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Psalms 89:26-37


89:26 He will call out to me,

‘You are my father, 1  my God, and the protector who delivers me.’ 2 

89:27 I will appoint him to be my firstborn son, 3 

the most exalted of the earth’s kings.

89:28 I will always extend my loyal love to him,

and my covenant with him is secure. 4 

89:29 I will give him an eternal dynasty, 5 

and make his throne as enduring as the skies above. 6 

89:30 If his sons reject my law

and disobey my regulations,

89:31 if they break 7  my rules

and do not keep my commandments,

89:32 I will punish their rebellion by beating them with a club, 8 

their sin by inflicting them with bruises. 9 

89:33 But I will not remove 10  my loyal love from him,

nor be unfaithful to my promise. 11 

89:34 I will not break 12  my covenant

or go back on what I promised. 13 

89:35 Once and for all I have vowed by my own holiness,

I will never deceive 14  David.

89:36 His dynasty will last forever. 15 

His throne will endure before me, like the sun, 16 

89:37 it will remain stable, like the moon, 17 

his throne will endure like the skies.” 18  (Selah)

1 sn You are my father. The Davidic king was viewed as God’s “son” (see 2 Sam 7:14; Ps 2:7). The idiom reflects ancient Near Eastern adoption language associated with covenants of grant, by which a lord would reward a faithful subject by elevating him to special status, referred to as “sonship.” Like a son, the faithful subject received an “inheritance,” viewed as an unconditional, eternal gift. Such gifts usually took the form of land and/or an enduring dynasty. See M. Weinfeld, “The Covenant of Grant in the Old Testament and in the Ancient Near East,” JAOS 90 (1970): 184-203, for general discussion and some striking extra-biblical parallels.

2 tn Heb “the rocky summit of my deliverance.”

3 sn The firstborn son typically had special status and received special privileges.

4 tn Heb “forever I will keep for him my loyal love and will make my covenant secure for him.”

5 tn Heb “and I will set in place forever his offspring.”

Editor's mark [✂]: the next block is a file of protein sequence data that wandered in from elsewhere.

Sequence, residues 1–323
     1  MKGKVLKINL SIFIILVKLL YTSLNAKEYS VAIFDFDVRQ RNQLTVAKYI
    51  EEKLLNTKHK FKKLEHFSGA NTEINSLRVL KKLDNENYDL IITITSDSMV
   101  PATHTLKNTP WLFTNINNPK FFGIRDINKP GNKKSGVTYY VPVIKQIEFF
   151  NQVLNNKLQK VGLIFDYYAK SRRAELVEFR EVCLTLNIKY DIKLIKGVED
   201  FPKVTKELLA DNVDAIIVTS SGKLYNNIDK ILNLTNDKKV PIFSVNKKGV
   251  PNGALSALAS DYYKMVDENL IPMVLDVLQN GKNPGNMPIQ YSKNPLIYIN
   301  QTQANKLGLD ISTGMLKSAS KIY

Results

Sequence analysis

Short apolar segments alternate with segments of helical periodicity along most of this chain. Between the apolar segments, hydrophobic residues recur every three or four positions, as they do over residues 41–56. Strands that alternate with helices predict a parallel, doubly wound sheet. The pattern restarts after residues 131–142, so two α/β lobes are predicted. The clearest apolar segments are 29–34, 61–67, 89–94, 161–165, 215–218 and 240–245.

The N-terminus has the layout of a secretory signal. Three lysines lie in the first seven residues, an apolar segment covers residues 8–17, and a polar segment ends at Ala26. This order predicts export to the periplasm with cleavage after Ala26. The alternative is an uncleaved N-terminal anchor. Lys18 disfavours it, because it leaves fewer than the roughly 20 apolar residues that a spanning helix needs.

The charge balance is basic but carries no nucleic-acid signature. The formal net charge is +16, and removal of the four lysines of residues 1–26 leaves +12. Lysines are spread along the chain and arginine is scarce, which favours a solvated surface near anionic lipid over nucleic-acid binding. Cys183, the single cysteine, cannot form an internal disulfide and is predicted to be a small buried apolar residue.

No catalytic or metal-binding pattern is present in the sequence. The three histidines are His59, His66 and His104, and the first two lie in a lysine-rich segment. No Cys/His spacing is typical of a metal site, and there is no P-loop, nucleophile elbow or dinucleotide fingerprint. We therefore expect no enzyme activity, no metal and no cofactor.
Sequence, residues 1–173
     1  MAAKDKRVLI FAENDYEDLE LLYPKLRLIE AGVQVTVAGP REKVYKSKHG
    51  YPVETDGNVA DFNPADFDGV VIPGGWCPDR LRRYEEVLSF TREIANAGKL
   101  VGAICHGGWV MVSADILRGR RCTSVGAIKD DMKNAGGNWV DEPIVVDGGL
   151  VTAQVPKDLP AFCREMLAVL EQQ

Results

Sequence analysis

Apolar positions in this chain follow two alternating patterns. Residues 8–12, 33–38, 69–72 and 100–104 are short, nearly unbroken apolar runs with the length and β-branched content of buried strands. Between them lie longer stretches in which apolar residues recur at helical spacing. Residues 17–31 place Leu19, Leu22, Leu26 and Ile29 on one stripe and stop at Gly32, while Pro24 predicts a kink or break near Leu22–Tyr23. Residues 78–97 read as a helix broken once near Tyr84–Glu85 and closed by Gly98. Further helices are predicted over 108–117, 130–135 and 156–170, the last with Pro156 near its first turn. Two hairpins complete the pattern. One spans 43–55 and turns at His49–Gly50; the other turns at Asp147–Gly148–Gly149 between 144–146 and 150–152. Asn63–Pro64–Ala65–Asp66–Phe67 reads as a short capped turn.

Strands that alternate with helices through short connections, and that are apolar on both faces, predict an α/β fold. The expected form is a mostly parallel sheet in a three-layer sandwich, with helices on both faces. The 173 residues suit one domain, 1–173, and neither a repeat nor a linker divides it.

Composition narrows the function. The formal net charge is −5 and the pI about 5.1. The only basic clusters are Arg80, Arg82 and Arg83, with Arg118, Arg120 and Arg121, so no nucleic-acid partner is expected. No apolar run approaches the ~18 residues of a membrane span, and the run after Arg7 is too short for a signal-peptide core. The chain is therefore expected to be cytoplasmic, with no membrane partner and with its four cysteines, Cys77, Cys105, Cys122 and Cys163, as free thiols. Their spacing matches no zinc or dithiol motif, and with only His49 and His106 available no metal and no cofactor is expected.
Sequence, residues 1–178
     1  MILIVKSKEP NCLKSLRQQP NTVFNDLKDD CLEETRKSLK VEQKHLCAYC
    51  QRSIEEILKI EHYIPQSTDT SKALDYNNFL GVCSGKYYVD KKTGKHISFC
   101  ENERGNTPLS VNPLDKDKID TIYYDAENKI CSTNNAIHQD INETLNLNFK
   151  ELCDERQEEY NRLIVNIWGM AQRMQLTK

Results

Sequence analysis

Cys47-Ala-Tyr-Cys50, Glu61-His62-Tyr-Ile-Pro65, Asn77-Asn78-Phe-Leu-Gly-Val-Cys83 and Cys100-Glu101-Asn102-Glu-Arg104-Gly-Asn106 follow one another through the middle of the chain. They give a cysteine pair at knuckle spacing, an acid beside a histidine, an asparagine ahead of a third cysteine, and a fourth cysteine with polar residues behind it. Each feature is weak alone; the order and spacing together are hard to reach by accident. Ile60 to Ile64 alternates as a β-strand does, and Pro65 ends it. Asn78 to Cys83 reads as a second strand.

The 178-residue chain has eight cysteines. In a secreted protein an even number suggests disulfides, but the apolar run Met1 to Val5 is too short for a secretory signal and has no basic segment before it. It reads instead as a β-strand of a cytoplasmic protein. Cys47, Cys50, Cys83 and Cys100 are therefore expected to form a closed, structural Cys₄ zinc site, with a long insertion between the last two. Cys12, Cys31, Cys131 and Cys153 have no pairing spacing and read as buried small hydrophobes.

6 tn Heb “and his throne like the days of the heavens.”

7 tn Or “desecrate.”

8 tn Heb “I will punish with a club their rebellion.”

sn Despite the harsh image of beating…with a club, the language reflects a father-son relationship (see v. 30; 2 Sam 7:14). According to Proverbs, a שֵׁבֶט (shevet, “club”) was sometimes utilized to administer corporal punishment to rebellious children (see Prov 13:24; 22:15; 23:13-14; 29:15).

9 tn Heb “with blows their sin.”

10 tn Heb “break”; “make ineffectual.” Some prefer to emend אָפִיר (’afir; the Hiphil of פָּרַר, parar, “to break”) to אָסִיר (’asir; the Hiphil of סוּר, sur, “to turn aside”), a verb that appears in 2 Sam 7:15.

11 tn Heb “and I will not deal falsely with my faithfulness.”

12 tn Or “desecrate.”

13 tn Heb “and what proceeds out of my lips I will not alter.”

14 tn Or “lie to.”

15 tn Heb “his offspring forever will be.”

16 tn Heb “and his throne like the sun before me.”

17 tn Heb “like the moon it will be established forever.”

18 tn Heb “and a witness in the sky, secure.” Scholars have offered a variety of opinions as to the identity of the “witness” referred to here, none of which is very convincing. It is preferable to join וְעֵד (vÿed) to עוֹלָם (’olam) in the preceding line and translate the commonly attested phrase עוֹלָם וְעֵד (“forever”). In this case one may translate the second line, “[it] will be secure like the skies.” Another option (the one reflected in the present translation) is to take עד as a rare noun meaning “throne” or “dais.” This noun is attested in Ugaritic; see, for example, CTA 16 vi 22-23, where ksi (= כִּסֵּא, kisse’, “throne”) and ’d (= עד, “dais”) appear as synonyms in the poetic parallelism (see G. R. Driver, Canaanite Myths and Legends, 91). Emending בַּשַּׁחַק (bashakhaq, “in the heavens”) to כַּשַׁחַק (kashakhaq, “like the heavens”) – bet/kaf (כ/ב) confusion is widely attested – one can then read “[his] throne like the heavens [is] firm/stable.” Verse 29 refers to the enduring nature of the heavens, while Job 37:18 speaks of God spreading out the heavens (שְׁחָקִים, shÿkhaqim) and compares their strength to a bronze mirror. Ps 89:29 uses the term שָׁמַיִם (shamayim, “skies”) which frequently appears in parallelism to שְׁחָקִים.

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